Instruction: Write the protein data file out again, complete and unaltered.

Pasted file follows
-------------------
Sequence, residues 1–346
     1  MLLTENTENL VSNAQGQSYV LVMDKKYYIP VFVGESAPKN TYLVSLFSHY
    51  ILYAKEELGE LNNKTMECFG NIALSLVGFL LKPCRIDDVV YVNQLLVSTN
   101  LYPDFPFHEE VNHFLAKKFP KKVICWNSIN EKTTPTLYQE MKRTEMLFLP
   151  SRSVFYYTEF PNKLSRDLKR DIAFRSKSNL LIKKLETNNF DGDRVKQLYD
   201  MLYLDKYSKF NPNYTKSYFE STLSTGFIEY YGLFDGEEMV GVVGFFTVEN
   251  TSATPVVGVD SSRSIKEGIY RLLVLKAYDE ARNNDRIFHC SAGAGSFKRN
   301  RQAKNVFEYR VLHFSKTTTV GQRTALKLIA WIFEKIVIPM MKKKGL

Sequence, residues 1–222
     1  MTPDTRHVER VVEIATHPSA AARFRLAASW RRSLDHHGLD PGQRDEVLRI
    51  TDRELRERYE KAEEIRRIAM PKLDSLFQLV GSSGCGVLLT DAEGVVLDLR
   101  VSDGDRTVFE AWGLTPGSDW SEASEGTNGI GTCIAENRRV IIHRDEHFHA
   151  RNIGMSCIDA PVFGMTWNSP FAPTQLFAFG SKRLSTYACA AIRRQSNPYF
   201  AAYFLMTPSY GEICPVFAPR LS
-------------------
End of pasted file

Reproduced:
Sequence, residues 1–346
     1  MLLTENTENL VSNAQGQSYV LVMDKKYYIP VFVGESAPKN TYLVSLFSHY
    51  ILYAKEELGE LNNKTMECFG NIALSLVGFL LKPCRIDDVV YVNQLLVSTN
   101  LYPDFPFHEE VNHFLAKKFP KKVICWNSIN EKTTPTLYQE MKRTEMLFLP
   151  SRSVFYYTEF PNKLSRDLKR DIAFRSKSNL LIKKLETNNF DGDRVKQLYD
   201  MLYLDKYSKF NPNYTKSYFE STLSTGFIEY YGLFDGEEMV GVVGFFTVEN
   251  TSATPVVGVD SSRSIKEGIY RLLVLKAYDE ARNNDRIFHC SAGAGSFKRN
   301  RQAKNVFEYR VLHFSKTTTV GQRTALKLIA WIFEKIVIPM MKKKGL

Sequence, residues 1–222
     1  MTPDTRHVER VVEIATHPSA AARFRLAASW RRSLDHHGLD PGQRDEVLRI
    51  TDRELRERYE KAEEIRRIAM PKLDSLFQLV GSSGCGVLLT DAEGVVLDLR
   101  VSDGDRTVFE AWGLTPGSDW SEASEGTNGI GTCIAENRRV IIHRDEHFHA
   151  RNIGMSCIDA PVFGMTWNSP FAPTQLFAFG SKRLSTYACA AIRRQSNPYF
   201  AAYFLMTPSY GEICPVFAPR LS